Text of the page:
Gordon, so alive throughout the entire ballet, possessed a vulnerability that connected beautifully with the crystalline performance of his partner, Tiler Peck. As she returns to the stage from a debilitating neck injury, Peck moves with more care, but undiminished elegance. There’s a new and subtle fluidity in her dancing that brings her into clear focus. She’s no longer prone to dewiness; she’s fully present onstage.
As for Peter Walker and Harrison Ball? Neither were particularly affecting in their debuts as the Prince. Walker, with Teresa Reichlen—she was at her most vulnerable in the final lakeside scene—was distant. Like Ball, Walker dashed around the stage with his head tilted up. What were they looking for? Real birds? Neither were secure enough in the virtuosic passages; Ball was particularly melodramatic in his acting.
More convincing was Ball’s partner, Lauren Lovette, also making her debut this season. It felt like the beginning of a journey: Lovette instills every part with a poignant inner drama. In a way, she reversed the roles as we think of them—subtly—which lent her Odette an earthy sensuality and her Odile a way of camouflaging her wickedness with innocence.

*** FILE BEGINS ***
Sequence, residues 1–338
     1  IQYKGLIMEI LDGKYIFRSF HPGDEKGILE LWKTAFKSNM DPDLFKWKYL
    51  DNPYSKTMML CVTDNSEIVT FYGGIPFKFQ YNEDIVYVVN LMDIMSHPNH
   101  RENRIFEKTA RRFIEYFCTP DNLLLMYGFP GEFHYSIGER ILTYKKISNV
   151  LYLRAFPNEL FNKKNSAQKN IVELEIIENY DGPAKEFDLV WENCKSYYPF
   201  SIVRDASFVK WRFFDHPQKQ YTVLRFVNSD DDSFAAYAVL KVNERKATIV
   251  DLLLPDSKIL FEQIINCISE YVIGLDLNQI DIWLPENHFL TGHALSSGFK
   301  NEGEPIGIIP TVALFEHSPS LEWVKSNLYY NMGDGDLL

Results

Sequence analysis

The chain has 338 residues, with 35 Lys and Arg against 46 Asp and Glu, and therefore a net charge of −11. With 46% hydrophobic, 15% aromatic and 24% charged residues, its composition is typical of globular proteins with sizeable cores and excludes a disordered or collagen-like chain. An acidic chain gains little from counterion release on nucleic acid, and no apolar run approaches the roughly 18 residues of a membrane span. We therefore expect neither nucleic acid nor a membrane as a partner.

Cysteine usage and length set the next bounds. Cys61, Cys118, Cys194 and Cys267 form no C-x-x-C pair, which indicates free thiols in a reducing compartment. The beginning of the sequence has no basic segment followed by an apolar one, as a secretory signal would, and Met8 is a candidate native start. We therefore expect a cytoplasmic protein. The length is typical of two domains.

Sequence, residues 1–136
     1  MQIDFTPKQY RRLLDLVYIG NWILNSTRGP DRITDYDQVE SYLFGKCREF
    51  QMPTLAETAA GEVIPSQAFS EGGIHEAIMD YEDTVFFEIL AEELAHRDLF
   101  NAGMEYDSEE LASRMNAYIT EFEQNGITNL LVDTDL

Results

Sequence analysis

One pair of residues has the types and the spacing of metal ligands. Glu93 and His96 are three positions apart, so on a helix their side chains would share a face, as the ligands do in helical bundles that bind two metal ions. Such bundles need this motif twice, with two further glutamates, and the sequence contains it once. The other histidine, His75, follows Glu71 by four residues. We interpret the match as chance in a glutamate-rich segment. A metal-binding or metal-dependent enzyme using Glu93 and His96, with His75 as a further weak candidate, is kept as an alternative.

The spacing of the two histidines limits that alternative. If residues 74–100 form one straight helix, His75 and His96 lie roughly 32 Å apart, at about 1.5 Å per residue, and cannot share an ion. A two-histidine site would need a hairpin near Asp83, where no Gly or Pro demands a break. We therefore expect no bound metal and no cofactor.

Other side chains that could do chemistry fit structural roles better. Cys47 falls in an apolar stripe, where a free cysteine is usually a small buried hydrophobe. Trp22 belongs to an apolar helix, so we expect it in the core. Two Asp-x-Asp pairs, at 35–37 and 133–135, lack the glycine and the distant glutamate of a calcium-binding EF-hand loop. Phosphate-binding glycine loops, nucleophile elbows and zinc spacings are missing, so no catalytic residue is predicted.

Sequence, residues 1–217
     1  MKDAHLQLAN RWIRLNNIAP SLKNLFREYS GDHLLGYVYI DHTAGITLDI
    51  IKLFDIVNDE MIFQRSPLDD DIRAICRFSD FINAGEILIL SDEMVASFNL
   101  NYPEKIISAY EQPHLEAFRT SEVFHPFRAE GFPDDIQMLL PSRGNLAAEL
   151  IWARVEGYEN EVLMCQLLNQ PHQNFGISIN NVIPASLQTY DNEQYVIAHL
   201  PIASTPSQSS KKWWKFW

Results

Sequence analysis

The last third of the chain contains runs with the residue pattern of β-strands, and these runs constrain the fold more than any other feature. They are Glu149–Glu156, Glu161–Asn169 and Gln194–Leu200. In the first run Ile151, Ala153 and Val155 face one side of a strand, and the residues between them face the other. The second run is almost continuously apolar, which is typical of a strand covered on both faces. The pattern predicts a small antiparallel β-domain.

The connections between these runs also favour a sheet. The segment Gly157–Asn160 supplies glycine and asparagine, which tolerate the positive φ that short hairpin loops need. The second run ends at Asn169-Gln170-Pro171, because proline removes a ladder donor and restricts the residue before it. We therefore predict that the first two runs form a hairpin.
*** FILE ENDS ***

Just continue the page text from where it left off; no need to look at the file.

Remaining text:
On Sunday when, as Odile, Lovette whipped off as many fouetté turns as she could manage before falling out, she made a dazzling change in real time: She switched to piqué turns. In that moment, you could see not only the ballerina in her—determination winning out over disappointment—but also the choreographer, which she is. It was musical.
I would not have minded two more debuts this season: Indiana Woodward—who hasn’t danced enough of late—and Mira Nadon, the arresting corps de ballet member. Yes, one is short and the other is tall, but they can dance.
What does a swan look like? At City Ballet, there are no rules. It’s about how you move. It’s a way to see a mind and a body at work.
© 2020 The New York Times